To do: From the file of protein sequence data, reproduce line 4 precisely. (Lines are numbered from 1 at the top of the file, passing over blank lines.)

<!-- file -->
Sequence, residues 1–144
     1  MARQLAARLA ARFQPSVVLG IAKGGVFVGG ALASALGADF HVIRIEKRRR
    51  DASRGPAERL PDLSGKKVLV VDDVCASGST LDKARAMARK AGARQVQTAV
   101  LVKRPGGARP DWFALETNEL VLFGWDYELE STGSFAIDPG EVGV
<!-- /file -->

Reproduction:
   101  LVKRPGGARP DWFALETNEL VLFGWDYELE STGSFAIDPG EVGV